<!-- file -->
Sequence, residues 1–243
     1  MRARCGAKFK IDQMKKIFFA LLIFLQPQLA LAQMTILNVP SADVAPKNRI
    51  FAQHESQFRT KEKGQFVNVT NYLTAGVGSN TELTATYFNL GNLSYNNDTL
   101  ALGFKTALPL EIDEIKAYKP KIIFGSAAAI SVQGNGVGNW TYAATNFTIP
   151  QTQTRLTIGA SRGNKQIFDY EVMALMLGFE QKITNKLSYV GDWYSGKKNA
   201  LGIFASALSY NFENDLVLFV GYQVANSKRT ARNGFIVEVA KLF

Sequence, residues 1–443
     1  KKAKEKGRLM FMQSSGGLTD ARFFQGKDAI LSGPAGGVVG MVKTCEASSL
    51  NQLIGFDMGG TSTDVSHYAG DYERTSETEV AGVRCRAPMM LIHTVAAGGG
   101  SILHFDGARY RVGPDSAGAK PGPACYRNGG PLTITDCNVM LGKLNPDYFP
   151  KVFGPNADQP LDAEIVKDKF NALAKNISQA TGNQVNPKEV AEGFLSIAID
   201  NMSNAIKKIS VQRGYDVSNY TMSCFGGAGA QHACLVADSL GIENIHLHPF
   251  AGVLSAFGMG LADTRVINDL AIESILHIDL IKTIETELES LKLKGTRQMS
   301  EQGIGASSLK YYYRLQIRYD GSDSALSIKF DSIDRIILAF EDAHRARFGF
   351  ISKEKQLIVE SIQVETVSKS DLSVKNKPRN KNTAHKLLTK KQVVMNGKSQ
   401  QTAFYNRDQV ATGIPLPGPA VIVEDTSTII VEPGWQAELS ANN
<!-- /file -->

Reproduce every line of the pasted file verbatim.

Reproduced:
Sequence, residues 1–243
     1  MRARCGAKFK IDQMKKIFFA LLIFLQPQLA LAQMTILNVP SADVAPKNRI
    51  FAQHESQFRT KEKGQFVNVT NYLTAGVGSN TELTATYFNL GNLSYNNDTL
   101  ALGFKTALPL EIDEIKAYKP KIIFGSAAAI SVQGNGVGNW TYAATNFTIP
   151  QTQTRLTIGA SRGNKQIFDY EVMALMLGFE QKITNKLSYV GDWYSGKKNA
   201  LGIFASALSY NFENDLVLFV GYQVANSKRT ARNGFIVEVA KLF

Sequence, residues 1–443
     1  KKAKEKGRLM FMQSSGGLTD ARFFQGKDAI LSGPAGGVVG MVKTCEASSL
    51  NQLIGFDMGG TSTDVSHYAG DYERTSETEV AGVRCRAPMM LIHTVAAGGG
   101  SILHFDGARY RVGPDSAGAK PGPACYRNGG PLTITDCNVM LGKLNPDYFP
   151  KVFGPNADQP LDAEIVKDKF NALAKNISQA TGNQVNPKEV AEGFLSIAID
   201  NMSNAIKKIS VQRGYDVSNY TMSCFGGAGA QHACLVADSL GIENIHLHPF
   251  AGVLSAFGMG LADTRVINDL AIESILHIDL IKTIETELES LKLKGTRQMS
   301  EQGIGASSLK YYYRLQIRYD GSDSALSIKF DSIDRIILAF EDAHRARFGF
   351  ISKEKQLIVE SIQVETVSKS DLSVKNKPRN KNTAHKLLTK KQVVMNGKSQ
   401  QTAFYNRDQV ATGIPLPGPA VIVEDTSTII VEPGWQAELS ANN